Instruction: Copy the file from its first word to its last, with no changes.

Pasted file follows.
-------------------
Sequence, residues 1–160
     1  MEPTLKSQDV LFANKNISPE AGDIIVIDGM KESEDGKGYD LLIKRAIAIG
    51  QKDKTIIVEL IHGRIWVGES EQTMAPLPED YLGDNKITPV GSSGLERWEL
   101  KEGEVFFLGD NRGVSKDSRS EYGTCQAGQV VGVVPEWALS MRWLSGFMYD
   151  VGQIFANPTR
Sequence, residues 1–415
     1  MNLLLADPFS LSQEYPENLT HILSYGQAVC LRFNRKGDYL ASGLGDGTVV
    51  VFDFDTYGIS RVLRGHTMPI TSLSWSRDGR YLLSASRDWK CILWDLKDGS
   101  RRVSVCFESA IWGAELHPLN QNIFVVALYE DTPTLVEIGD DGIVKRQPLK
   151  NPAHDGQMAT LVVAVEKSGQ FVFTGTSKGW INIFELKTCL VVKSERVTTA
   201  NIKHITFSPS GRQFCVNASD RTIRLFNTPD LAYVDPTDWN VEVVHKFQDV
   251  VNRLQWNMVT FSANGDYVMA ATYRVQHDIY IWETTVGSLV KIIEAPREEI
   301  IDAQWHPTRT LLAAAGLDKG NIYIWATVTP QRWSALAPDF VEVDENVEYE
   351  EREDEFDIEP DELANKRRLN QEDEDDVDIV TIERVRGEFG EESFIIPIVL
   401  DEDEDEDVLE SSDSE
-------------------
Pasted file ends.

Sequence, residues 1–160
     1  MEPTLKSQDV LFANKNISPE AGDIIVIDGM KESEDGKGYD LLIKRAIAIG
    51  QKDKTIIVEL IHGRIWVGES EQTMAPLPED YLGDNKITPV GSSGLERWEL
   101  KEGEVFFLGD NRGVSKDSRS EYGTCQAGQV VGVVPEWALS MRWLSGFMYD
   151  VGQIFANPTR
Sequence, residues 1–415
     1  MNLLLADPFS LSQEYPENLT HILSYGQAVC LRFNRKGDYL ASGLGDGTVV
    51  VFDFDTYGIS RVLRGHTMPI TSLSWSRDGR YLLSASRDWK CILWDLKDGS
   101  RRVSVCFESA IWGAELHPLN QNIFVVALYE DTPTLVEIGD DGIVKRQPLK
   151  NPAHDGQMAT LVVAVEKSGQ FVFTGTSKGW INIFELKTCL VVKSERVTTA
   201  NIKHITFSPS GRQFCVNASD RTIRLFNTPD LAYVDPTDWN VEVVHKFQDV
   251  VNRLQWNMVT FSANGDYVMA ATYRVQHDIY IWETTVGSLV KIIEAPREEI
   301  IDAQWHPTRT LLAAAGLDKG NIYIWATVTP QRWSALAPDF VEVDENVEYE
   351  EREDEFDIEP DELANKRRLN QEDEDDVDIV TIERVRGEFG EESFIIPIVL
   401  DEDEDEDVLE SSDSE